The duff millipede is an unusual species found in some foothills areas. It reaches only 1/8 inch. It is covered with fine bristles and has a tuft of hairs protruding from the hind end. Superficially, it resembles tiny carpet beetle larvae. Close inspection shows it has far more legs than do carpet beetles.
Invasions can involve hundreds of individuals, which crawl over walls, floors and counters. Often they are concentrated near areas of high moisture, such as bathrooms, around kitchen sinks, and near outdoor hot tubs and faucets.
Although sometimes a significant nuisance, they do not reproduce or survive long in a home. Instead, they develop outdoors on decaying plant matter, fungi and algae. Prevent invasions by sealing the structure.
No effective insecticides have been identified to reduce invasions of duff millipedes. It is suggested to keep the area around foundations clean of cover and sources of moisture.
Figure 7: Stone centipede. (Photo by W. Cranshaw.)
In general appearance, centipedes superficially resemble millipedes. However, there are important differences. Centipedes have one pair of legs per body segment; millipedes appear to have two pairs on most segments. A centipede's legs are usually quite prominent. Centipedes are far more active than millipedes, particularly the common house centipede. Most are flattened and elongated. They feed on small Insects and other arthropods.
Centipedes usually are less common in homes than millipedes. However, they may be far more conspicuous, particularly the giant desert centipede that can reach 6 inches in length.
In homes, centipedes are found most frequently in the morning trapped in bathtubs or wash basins. They also may be seen darting for cover when a light is turned on in a dark room. Occasionally, a startled centipede may run at the person entering the room, giving the incorrect impression that it is attacking.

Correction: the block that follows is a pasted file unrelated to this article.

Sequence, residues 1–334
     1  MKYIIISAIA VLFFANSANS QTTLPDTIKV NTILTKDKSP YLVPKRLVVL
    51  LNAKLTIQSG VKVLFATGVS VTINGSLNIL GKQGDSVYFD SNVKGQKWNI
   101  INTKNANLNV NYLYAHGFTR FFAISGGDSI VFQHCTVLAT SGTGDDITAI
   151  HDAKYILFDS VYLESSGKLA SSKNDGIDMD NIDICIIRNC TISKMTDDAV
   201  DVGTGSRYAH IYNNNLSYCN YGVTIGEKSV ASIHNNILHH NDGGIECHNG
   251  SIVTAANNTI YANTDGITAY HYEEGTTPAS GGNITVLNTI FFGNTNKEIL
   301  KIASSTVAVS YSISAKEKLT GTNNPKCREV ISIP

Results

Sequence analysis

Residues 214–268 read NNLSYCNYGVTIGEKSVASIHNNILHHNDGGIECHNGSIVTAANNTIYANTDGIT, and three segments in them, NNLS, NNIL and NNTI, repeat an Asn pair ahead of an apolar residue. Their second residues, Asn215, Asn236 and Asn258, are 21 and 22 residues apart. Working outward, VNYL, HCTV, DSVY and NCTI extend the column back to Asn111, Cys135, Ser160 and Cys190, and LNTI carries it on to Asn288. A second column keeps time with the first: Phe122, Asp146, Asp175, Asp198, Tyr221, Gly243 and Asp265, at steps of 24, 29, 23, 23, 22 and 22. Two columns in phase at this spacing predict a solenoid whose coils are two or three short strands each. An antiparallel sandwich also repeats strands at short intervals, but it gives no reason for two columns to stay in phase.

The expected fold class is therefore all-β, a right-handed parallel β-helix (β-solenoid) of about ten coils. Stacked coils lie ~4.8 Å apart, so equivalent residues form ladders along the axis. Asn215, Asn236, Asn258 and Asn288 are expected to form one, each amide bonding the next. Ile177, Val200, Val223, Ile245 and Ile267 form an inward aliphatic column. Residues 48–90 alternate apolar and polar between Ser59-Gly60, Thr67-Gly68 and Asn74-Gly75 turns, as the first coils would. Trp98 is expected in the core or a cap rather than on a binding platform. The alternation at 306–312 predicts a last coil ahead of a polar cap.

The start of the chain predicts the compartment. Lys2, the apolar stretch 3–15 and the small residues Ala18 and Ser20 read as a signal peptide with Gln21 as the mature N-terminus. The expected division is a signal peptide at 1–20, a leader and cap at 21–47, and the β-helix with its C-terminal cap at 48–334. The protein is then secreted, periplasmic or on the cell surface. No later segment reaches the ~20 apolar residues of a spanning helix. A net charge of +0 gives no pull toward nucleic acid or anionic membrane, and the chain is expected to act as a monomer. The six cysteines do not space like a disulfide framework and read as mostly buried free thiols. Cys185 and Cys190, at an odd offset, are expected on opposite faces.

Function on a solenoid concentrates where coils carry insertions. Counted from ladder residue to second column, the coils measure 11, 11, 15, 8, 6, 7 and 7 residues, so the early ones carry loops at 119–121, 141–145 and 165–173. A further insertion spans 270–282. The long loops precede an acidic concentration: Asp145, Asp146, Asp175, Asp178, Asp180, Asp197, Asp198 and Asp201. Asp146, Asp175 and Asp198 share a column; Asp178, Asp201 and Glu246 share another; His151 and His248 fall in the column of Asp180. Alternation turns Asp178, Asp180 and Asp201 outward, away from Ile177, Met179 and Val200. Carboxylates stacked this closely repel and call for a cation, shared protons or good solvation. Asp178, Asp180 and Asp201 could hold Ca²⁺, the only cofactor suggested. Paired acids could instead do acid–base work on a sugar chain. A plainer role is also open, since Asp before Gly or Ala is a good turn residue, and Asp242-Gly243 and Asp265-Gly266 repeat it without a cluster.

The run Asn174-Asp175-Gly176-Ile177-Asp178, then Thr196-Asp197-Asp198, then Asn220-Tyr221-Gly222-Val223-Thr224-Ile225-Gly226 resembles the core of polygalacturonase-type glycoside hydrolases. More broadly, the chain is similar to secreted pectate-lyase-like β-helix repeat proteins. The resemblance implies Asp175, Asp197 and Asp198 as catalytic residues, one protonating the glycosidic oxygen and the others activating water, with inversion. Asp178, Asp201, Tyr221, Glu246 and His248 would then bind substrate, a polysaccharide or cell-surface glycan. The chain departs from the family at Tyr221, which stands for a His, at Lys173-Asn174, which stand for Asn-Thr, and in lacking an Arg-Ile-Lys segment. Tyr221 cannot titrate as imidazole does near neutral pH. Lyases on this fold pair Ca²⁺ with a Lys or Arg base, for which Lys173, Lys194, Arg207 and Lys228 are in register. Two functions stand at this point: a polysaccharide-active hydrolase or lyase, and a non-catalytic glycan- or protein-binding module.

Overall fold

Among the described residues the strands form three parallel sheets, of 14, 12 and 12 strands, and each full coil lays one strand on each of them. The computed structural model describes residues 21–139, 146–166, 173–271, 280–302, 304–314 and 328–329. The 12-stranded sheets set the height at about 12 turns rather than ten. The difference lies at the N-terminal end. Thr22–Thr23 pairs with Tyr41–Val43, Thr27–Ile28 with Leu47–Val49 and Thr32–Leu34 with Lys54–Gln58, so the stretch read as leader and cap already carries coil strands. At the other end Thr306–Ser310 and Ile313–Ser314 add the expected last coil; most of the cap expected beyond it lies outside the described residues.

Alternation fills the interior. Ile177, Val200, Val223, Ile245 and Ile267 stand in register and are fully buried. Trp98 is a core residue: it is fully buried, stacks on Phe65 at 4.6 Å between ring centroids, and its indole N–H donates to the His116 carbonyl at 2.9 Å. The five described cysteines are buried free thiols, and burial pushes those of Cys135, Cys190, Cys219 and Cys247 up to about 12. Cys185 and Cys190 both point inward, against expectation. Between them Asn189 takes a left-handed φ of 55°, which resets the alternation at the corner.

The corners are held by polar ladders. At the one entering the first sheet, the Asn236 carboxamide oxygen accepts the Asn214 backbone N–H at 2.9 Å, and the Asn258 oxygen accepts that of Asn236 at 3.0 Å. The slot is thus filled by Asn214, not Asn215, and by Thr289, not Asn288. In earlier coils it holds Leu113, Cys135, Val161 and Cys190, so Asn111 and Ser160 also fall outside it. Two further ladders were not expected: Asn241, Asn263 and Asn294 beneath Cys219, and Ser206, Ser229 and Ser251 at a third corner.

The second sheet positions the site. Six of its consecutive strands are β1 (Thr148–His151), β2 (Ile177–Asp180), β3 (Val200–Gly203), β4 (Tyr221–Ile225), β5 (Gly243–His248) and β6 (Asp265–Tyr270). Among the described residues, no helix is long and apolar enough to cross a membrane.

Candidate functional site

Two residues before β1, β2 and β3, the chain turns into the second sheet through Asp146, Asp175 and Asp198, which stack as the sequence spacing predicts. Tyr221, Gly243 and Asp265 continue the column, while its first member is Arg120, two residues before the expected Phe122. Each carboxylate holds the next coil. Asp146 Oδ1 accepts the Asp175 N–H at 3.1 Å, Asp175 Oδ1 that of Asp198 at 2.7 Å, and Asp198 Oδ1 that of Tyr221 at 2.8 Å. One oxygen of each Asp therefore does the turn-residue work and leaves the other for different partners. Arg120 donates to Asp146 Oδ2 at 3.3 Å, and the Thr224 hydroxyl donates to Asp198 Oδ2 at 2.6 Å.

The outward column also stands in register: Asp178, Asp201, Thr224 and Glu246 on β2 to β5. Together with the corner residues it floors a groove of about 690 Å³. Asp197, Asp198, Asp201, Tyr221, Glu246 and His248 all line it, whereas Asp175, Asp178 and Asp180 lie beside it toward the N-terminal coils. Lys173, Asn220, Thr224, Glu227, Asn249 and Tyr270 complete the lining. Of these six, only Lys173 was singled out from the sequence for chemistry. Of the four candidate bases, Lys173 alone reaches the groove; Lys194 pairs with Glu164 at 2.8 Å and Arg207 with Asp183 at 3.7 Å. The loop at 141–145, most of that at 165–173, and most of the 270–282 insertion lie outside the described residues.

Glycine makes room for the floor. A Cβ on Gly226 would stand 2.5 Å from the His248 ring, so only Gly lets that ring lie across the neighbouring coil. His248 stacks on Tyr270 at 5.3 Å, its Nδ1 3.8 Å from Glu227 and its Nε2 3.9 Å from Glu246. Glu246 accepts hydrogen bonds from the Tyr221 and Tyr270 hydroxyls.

Except for the largest species, centipedes cannot bite through skin, so hazard to humans is remote. Bites are extremely rare, because centipedes are light shy and bite only when being picked up or crushed. The bite of the largest species is reported to cause a sharp, temporary pain, similar to a bee sting.
Control is similar to that for millipedes -- wait out the problem and control moisture sources in and around the home. Infestations usually involve only a few individuals. Extreme situations in homes may require insecticides as indicated for millipedes. Interior applications of insecticides are not recommended.
Sowbugs and Pillbugs
Sowbugs and pillbugs (roly-polys) are small, gray crustaceans usually found outdoors under rocks or other cover. They feed on decaying vegetable matter and occasionally small plants. They do not bite and are harmless to humans.
During some times of the year, particularly after extended wet spring weather, sowbugs and pillbugs may move into homes. Their survival is often shorter than for millipedes and centipedes. Because of this and the minor annoyance they cause, control generally is unnecessary. Controls effective for millipedes and centipedes also are effective for sowbugs and pillbugs.
|Figure 8: Pillbug, also knows as Roly-Poly.||Figure 9: A pillbug (rolled-up) and sowbug. (Photo by Whitney Cranshaw.)|
* Colorado State University Extension entomologist and professor, bioagricultural sciences and pest management. 1/00. Revised 12/13.
Colorado State University, U.S. Department of Agriculture and Colorado Counties cooperating. Extension programs are available to all without discrimination. No endorsement of products mentioned is intended nor is criticism implied of products not mentioned.
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Updated Monday, December 30, 2013